The new streaming service Quibi is facing an uphill battle. Most people don’t know what it is or why it exists. That’s partly because it hasn’t even launched yet, but CEO Meg Whitman recently put it on the map in a less than tasteful fashion when audio leaked of her comparing journalists to pedophiles. She has now apologised for the comparison.
Earlier this week, the Information reported that Whitman made the comparisons at a recent internal all-hands meeting for the company. Whitman allegedly compared the relationships journalists cultivate with sources to the grooming behaviour pedophiles engage in with their victims. It’s not a polite comparison, to say the least, and the Information reported that several attendees of the meeting found the comparison “strange and off-putting.”
I’ve heard similarly grotesque comparisons from rank-and-file PR staff at many large tech companies. Tech companies do not like leaks, and often go to extraordinary lengths to keep them from happening. They monitor meetings (including lunches), check emails and phone records, and typically have new employees sit through excruciatingly boring press training sessions. I even once had a friend have to disclose our friendship to their new tech employer in case the company got suspicious of our interactions on social media.
Whitman, who formerly led eBay and HP, no doubt is familiar with that culture of antagonism towards journalists. But in entertainment, things are a little more…chill. There might be jokes about Marvel snipers, but Disney does not appear to actually employ murderers who are charged with protecting spoilers. The week one lecture on how evil the press is is not a regular feature on movie sets.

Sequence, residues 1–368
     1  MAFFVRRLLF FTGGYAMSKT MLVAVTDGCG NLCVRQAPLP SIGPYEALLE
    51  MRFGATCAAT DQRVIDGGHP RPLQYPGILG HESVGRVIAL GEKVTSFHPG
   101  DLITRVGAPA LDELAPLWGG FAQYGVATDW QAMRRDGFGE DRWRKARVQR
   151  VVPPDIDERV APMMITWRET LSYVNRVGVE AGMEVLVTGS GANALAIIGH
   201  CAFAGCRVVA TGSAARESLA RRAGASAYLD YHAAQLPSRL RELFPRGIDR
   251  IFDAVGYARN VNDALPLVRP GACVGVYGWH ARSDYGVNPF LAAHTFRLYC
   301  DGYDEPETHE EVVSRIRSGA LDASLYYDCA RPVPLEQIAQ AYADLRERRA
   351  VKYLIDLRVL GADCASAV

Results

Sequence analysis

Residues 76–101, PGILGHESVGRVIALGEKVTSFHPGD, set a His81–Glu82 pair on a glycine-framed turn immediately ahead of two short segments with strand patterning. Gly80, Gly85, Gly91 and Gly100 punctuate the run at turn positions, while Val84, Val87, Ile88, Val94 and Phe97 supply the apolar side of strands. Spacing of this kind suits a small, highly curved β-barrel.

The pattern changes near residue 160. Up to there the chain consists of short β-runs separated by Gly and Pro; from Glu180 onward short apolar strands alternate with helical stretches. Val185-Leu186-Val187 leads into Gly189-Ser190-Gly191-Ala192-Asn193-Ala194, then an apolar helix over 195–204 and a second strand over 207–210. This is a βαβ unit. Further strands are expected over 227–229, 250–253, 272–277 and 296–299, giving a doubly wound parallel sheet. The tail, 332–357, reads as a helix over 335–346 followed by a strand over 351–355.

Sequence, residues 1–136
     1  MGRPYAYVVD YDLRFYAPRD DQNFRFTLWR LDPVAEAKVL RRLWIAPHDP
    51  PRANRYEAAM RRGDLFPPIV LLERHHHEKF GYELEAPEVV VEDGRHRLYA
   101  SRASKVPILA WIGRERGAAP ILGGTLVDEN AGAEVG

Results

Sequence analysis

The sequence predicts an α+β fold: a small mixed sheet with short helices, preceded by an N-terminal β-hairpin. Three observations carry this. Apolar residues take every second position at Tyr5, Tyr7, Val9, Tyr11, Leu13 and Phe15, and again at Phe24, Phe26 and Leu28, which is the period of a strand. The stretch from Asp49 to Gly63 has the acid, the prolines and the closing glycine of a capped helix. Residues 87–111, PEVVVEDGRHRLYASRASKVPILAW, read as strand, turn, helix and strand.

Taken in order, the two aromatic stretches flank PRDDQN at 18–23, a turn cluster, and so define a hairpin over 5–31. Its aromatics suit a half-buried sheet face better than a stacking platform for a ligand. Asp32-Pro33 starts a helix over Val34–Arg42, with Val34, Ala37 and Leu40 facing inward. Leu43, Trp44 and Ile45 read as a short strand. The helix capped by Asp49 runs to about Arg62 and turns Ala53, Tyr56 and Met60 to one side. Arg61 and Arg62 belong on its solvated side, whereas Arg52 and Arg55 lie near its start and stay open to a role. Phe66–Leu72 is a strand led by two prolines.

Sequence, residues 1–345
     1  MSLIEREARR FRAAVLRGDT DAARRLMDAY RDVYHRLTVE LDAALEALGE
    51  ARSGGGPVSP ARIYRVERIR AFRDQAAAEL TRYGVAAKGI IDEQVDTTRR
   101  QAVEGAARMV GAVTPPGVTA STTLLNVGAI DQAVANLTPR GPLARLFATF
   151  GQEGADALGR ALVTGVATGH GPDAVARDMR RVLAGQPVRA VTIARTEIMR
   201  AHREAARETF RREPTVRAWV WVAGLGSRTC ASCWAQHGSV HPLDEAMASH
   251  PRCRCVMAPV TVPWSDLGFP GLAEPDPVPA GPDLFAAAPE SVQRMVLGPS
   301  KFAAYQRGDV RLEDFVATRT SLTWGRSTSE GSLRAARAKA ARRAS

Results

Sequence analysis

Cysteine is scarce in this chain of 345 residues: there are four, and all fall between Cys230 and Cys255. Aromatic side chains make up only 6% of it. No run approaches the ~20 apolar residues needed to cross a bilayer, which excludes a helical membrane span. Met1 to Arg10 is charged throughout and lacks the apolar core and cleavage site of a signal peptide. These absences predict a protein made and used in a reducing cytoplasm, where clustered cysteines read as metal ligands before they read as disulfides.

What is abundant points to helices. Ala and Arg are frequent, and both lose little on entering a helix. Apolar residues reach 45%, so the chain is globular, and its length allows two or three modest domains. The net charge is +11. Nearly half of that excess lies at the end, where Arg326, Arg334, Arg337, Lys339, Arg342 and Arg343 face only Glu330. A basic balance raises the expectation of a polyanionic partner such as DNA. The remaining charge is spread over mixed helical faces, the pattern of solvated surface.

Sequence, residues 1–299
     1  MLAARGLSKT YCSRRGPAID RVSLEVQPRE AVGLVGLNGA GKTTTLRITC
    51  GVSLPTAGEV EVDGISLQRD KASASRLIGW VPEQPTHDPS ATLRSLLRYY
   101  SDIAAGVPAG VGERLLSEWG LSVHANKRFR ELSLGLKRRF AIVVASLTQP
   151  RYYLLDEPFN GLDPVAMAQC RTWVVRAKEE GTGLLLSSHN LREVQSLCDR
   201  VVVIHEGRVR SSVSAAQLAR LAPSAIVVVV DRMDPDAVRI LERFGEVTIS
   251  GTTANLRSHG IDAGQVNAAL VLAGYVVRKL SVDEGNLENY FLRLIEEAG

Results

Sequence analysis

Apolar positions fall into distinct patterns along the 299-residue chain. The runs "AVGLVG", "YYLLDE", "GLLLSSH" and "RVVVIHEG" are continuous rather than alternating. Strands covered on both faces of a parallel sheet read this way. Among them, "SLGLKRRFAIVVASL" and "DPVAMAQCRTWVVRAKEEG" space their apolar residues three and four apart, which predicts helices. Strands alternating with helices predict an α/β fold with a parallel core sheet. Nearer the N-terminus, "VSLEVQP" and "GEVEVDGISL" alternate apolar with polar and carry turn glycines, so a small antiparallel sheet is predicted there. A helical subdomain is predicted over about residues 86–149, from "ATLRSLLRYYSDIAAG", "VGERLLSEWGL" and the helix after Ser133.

So it would seem there might be a little bit of a culture mishmash at Quibi, which is made up of tech people like Whitman, and Hollywood people like Quibi founder Jeffrey Katzenberg.
Whitman apologised in an interview with Variety at this week’s Sundance Film Festival in Utah.
“I used an analogy that was inappropriate and just plain wrong,” she told Variety. “None of us are ever perfect. I didn’t intend it, and it’s not at all how I think, how I feel.”
Having met Whitman for an interview concerning Quibi, I have to say she was very polite. I didn’t once think she was mentally dressing me up in a PedoBear suit. So maybe she’s sincere!
But perhaps she should worry less about leaks to the press and more about the complete lack of information coming out of Quibi regarding…what the heck it is. I saw a demo at CES and was extremely impressed with Quibi’s ability to give a smartphone user incredible control over how they interacted with the show they were watching. The idea behind Quibi—giving people small and easy-to-digest narratives in a format not intended to be cinematic—is a good one.
But like virtual reality, Quibi is very much a thing that sounds like bullshit when explained. Its promise is only really revealed when people actually see it in action—which most people have not. Right now, viewers still have no clue what Quibi is. Most people have no idea how to say it, what’s coming to it, or why they should consider subscribing for $US5 ($7) a month when it launches this April.
Editor’s Note: Details of an Australian launch are not yet available.